Communicating during COVID-19: Journal publishes UW-Madison task force’s recommendations

In March 2020, the novel coronavirus was spreading rapidly, disrupting everyday life, and already proving to be one of the biggest global health crises in modern day times.

The evolving science soon showed that slowing the spread of COVID-19 required people following protective measures like physical distancing, washing hands, wearing a mask and sanitizing commonly touched surfaces.

But as Department of Life Sciences Communication Professor and Chair Dominique Brossard said, the challenge was spreading those critical public health messages.

“The problem for a public health disaster is that you have to have a concerted effort from multiple actors on the ground. You need to make sure that everything is coordinated, so that people don’t contradict each other,” Brossard said. “We don’t have an infrastructure to do this kind of thing.”

A group of University of Wisconsin-Madison centers and departments, including UniverCity Alliance (UCA), and community partners also realized that a strategy and structure for developing and sending effective messaging on these public health rules were lacking. To fill this void, they formed the UW-Madison Communication Collaborative for COVID-19 Coronavirus Response.

Their findings were published in the Journal of Science Communication on April 20.  

“In March 2020, we knew so little about COVID-19. And what we did know was changing rapidly. One of our UCA co-chairs, Lori DiPrete Brown, started talking to Markus Brauer (Psychology), Dominique Brossard (Life Sciences Communication), and Ryan Westergaard (Medicine) about the research side of COVID. Since UCA had already done so much work with local governments, we reached out to the League of Wisconsin Municipalities to asked, ‘What can we do? How can we help?’” UniverCity Alliance Managing Director Gavin Luter explained.

“The answer they gave us was, ‘Help us communicate accurate public health information.’ We wanted to build a coalition of people on campus who were willing to help. I was so impressed by the public service spirit we found on campus.”

In addition to UCA, the interdisciplinary task force that rallied around the need for rapid communication during the initial COVID-19 outbreak included the following:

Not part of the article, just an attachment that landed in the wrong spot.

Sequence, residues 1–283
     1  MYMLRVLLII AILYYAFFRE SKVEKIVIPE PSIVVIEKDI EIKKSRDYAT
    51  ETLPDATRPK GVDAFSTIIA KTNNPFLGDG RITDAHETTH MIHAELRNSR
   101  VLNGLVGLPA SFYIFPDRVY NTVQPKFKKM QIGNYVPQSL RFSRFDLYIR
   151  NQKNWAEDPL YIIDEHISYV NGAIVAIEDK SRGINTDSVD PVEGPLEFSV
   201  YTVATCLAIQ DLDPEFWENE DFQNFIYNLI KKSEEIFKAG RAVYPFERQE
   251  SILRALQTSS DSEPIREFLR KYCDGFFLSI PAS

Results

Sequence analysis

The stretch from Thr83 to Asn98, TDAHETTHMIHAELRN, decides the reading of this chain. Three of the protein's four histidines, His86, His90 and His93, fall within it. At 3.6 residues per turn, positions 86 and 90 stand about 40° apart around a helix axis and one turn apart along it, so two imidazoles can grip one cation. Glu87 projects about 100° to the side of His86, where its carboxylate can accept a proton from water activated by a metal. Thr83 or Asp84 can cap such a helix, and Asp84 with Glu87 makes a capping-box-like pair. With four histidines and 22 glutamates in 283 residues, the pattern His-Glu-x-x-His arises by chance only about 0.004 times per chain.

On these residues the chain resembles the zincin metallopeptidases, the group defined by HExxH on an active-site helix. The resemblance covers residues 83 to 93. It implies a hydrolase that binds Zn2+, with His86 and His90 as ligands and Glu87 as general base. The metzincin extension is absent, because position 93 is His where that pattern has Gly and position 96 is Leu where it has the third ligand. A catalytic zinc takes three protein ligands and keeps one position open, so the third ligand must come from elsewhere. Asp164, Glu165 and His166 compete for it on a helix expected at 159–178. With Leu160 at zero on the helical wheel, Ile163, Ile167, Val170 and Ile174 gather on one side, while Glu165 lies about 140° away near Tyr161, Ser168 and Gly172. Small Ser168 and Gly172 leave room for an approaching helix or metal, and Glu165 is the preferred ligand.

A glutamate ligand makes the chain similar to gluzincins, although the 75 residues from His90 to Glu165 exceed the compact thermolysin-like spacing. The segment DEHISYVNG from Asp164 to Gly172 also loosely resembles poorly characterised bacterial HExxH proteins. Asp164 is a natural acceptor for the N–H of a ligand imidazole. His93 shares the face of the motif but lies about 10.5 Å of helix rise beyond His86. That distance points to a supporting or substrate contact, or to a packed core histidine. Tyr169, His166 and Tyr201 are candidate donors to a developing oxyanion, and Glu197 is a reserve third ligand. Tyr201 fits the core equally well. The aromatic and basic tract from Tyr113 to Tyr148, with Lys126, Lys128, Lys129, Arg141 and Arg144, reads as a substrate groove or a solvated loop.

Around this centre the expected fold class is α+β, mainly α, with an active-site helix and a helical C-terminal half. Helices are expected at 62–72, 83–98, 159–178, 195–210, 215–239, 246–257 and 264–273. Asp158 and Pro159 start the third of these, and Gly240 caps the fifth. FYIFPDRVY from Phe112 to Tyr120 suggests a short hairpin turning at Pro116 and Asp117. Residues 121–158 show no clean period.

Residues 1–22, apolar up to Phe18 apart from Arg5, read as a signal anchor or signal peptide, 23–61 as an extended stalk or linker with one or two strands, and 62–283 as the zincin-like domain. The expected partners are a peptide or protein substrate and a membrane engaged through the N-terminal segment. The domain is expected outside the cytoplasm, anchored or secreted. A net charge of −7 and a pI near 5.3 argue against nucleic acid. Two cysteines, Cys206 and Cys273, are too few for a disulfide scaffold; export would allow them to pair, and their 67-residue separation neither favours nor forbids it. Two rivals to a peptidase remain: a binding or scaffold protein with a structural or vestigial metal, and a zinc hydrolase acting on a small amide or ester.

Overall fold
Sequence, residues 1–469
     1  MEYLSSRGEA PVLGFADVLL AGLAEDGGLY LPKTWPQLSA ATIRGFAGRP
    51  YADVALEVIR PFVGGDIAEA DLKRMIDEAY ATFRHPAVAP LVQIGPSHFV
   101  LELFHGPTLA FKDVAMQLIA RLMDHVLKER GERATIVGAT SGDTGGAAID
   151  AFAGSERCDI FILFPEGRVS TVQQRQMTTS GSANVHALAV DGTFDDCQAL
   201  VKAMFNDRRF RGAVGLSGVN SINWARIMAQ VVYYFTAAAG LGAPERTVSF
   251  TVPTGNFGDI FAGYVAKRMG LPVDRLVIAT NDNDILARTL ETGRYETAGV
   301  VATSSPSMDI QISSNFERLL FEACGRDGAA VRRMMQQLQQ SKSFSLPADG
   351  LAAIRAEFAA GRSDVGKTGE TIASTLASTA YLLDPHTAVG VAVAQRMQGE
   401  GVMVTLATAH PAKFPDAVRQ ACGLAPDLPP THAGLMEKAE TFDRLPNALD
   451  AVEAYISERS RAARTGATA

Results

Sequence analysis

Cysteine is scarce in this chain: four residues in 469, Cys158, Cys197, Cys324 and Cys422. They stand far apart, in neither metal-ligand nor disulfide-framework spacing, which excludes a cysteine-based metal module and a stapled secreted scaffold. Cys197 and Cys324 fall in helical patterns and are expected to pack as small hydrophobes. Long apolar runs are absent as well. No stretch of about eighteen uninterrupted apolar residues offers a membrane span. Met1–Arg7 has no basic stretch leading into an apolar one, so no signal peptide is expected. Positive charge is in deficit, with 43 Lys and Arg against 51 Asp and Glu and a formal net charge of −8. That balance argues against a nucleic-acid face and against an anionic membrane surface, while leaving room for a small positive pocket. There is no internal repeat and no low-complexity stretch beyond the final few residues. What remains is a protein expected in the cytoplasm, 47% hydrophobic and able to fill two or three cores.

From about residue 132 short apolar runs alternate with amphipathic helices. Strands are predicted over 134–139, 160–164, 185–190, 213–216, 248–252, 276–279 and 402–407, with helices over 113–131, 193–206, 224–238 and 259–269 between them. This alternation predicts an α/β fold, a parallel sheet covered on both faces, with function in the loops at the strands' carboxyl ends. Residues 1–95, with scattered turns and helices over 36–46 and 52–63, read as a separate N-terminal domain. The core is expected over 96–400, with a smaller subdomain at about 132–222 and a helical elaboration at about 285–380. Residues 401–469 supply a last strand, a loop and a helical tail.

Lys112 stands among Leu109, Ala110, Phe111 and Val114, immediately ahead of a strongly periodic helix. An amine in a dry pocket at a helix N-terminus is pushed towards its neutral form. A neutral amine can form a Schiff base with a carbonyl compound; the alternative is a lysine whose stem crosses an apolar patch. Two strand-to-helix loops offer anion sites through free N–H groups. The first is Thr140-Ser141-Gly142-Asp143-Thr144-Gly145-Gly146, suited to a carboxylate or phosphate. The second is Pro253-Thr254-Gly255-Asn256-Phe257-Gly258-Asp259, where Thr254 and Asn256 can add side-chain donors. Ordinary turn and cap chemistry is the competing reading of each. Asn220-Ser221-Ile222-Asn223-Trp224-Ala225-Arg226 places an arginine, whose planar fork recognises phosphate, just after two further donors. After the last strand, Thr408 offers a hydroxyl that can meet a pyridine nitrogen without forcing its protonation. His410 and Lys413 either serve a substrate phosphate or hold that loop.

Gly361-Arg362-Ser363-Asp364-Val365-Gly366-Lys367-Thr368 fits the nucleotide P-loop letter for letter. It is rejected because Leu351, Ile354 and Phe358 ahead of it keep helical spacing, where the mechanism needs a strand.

• Civil Society and Community Studies
  • Data Science
  • Education
  • Global Health Institute
  • Life Sciences Communication
  • Morgridge Center for Public Service
  • Psychology
  • Population Health

Community partners included the League of Wisconsin Municipalities, Wisconsin Agri-Business Association, Wisconsin Department of Health Services, and Madison / Dane County public health departments.

The size of the group varied with members’ availability but maintained 20 to 30 highly involved participants. More people supported specific projects or attended meetings, and the email list for the group includes over 100 contacts.

Luter, who was one of the initial conveners, prompted the group forming by sending an email seeking partners in the communication effort. Brossard said the initial request and subsequent weekly check-in meetings led by Luter were crucial to the group’s success.

“The problem that you have when you have a lot of actors that come together is that everyone is willing to do things, but everyone is busy and pulled in different directions,” Brossard said. You need someone to keep the train going. (Luter) made sure there were meetings.”

While leading a communication campaign during the COVID-19 pandemic was daunting and a learning experience, the group achieved successes, including creating viral posts and connecting with local celebrities who helped spread the public health messages.

The “Do Your Part” campaign shared 10 strategies for reducing the spread of COVID-19.

They created a campaign called “Do Your Part” that shared 10 strategies for reducing the spread of COVID-19. This was shared through newly-created social media pages on Facebook, Twitter and Instagram.

“We really helped design campaigns that were adequate for Wisconsin and responded to the present need. We had a social media presence that was really important,” Brossard said. “We did some other efforts through a survey with more than 40,000 people responding. There was that engagement at the local level.”

Brossard said these efforts utilized social science insight to inform practice. They documented what they learned in a “practice insight,” which was published in the Journal of Science Communication.

The group’s overarching goal was to provide a “broadly accessible overview of our efforts to address the need for early, effective risk communication during the COVID-19 outbreak,” according to the paper. Brossard said she hopes it will be looked to as a model during future crises that require informed communication practices.

The group created recommendations for researchers and practitioners based on their experiences that focus on infrastructure required to communicate effectively, data and an understanding of intended audiences, and the use of theory and empirical evaluation.

While success of a communication campaign is not guaranteed, addressing as many of the group’s recommendations as possible will increase the likelihood of success.

“While we hope to never find ourselves in a similar situation as we did in March 2020, our insights and recommendations will help us be more prepared, and we hope others can learn from them as well,” the authors write in the paper.

—By Abigail Becker